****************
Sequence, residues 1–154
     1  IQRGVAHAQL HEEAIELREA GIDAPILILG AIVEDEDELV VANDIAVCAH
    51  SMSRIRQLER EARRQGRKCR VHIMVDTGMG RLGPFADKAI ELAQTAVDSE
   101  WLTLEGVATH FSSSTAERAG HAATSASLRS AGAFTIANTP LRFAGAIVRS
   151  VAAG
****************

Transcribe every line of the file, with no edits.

Sequence, residues 1–154
     1  IQRGVAHAQL HEEAIELREA GIDAPILILG AIVEDEDELV VANDIAVCAH
    51  SMSRIRQLER EARRQGRKCR VHIMVDTGMG RLGPFADKAI ELAQTAVDSE
   101  WLTLEGVATH FSSSTAERAG HAATSASLRS AGAFTIANTP LRFAGAIVRS
   151  VAAG